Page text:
SHARON – According to the Center for Disease Control, over 47,000 Americans died by suicide in 2017, and an estimated 1.4 million Americans attempted suicide, rates which have risen by 30 percent since the year 2000. Because of these soaring numbers, and in recognition of September being National Suicide Prevention Awareness Month, Penn State Shenango is addressing suicide prevention and awareness at its sixth annual Stamp Out Stigma event Sept. 18. The event, which is co-sponsored by the Buhl Regional Health Foundation, is designed to bring important information and awareness, as well as personal stories about the stigma associated with mental health and the possibility of recovery, to the forefront of our community.

This year’s Stamp Out Stigma keynote speaker is Dese’Rae Stage, founder of the suicide prevention website Stage will speak at the Shenango campus during two programs. She will discuss the impact that the Live Through This website has had in preventing suicide and reducing stigma at an afternoon Stamp Out Stigma program, which will begin at 12:15 p.m. in the campus’ Great Hall, located in the Sharon Hall building on Penn Avenue. During the 7 p.m. program in the auditorium, Stage will share her own personal story as a survivor of attempted suicide and how that experience has led to her work as an activist in suicide prevention. Both events are free and open to the general public. No registration is required.

Stage is a Philadelphia-based artist and writer who established in 2010 as a collection of photographic portraits and true stories of suicide attempt survivors across the United States. As stated on the website, the goal of Live Through This is to “change public attitudes about suicide by elevating and amplifying survivors’ voices.” Through sharing raw, honest stories of survival paired with portraits that put faces and names to the statistics, Stage says she aims to “reduce prejudice and discrimination against attempt survivors, to provide comfort to those experiencing suicidality by letting them know that they’re not alone and tomorrow is possible, to give insight for those who have trouble understanding suicidality, and to provide catharsis to those who have lost a loved one.”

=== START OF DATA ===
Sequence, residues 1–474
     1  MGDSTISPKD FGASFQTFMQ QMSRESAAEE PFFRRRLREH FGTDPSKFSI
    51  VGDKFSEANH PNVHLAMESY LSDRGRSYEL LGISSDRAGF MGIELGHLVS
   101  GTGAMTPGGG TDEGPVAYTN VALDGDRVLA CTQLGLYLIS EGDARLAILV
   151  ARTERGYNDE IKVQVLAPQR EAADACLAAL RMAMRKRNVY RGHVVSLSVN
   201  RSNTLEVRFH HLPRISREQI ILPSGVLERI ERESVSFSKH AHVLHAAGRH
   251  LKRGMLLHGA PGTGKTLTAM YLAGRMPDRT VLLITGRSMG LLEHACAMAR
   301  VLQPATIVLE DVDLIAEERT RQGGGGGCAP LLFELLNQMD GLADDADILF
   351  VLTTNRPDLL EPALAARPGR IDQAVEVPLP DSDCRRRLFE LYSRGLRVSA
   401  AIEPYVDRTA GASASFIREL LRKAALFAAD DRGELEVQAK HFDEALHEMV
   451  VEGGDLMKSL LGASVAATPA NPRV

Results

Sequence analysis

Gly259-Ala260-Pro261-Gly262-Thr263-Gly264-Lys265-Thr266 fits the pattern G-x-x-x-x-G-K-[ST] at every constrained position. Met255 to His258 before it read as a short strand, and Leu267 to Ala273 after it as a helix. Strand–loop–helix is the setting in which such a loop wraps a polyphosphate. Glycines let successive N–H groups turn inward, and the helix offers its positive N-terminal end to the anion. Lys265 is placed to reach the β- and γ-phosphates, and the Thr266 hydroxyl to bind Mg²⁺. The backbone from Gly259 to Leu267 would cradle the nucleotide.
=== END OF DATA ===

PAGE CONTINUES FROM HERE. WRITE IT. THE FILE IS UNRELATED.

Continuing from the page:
“Media coverage and public attention typically focus on people who died from suicide,” Stage said, “rather than those who lived to tell the tale. This forfeits an important opportunity to truly understand the complicated issue of suicide from a first-person perspective and build narratives of hope based on true-to-life experiences. Historically, (attempted suicide) survivors have been reduced to statistics, which strips them of their humanity and contributes to the pervasive ‘not in my backyard’ mentality about who is susceptible to suicide. This is incredibly dangerous in a time when suicide rates are increasing in the United States. Suicide does not discriminate but transcends categorization such as age, race, faith, socioeconomic status, sexual orientation, gender identity, or profession. It affects us all. Just take a look at the portraits.”

In addition, throughout the week of September 16, an exhibition of Stage’s photographic portraits of survivors of suicide, as seen on, will take place in the campus’ gallery, Lecture Hall 222, as an extension of the Stamp Out Stigma event. The community is invited to view this exhibit, where photos may be taken down from the gallery walls and turned over to reveal excerpts of Stage’s interviews with these individuals, who speak of their experiences of stigma, recovery and hope.

Representatives from the Mercer County Suicide Prevention Network will be present during both Stamp Out Stigma presentations with fact sheets and handouts on local crisis resources. Also, Stephanie Catalino, a Penn State Shenango student currently working with the eCenter @ LindenPointe, will also have information on Finding Inner Normalcy, a non-profit organization devoted to de-stigmatizing mental health by creating an online community where individuals with mental health struggles can showcase their art and other multimedia creations.

Info: Contact Tony Paglia at 724-983-2841. If you need help for yourself or someone else, you can reach the National Suicide Prevention Lifeline at 1-800-273-TALK (8255) or you can reach the Crisis Text Line by testing HOME to 741-741. 

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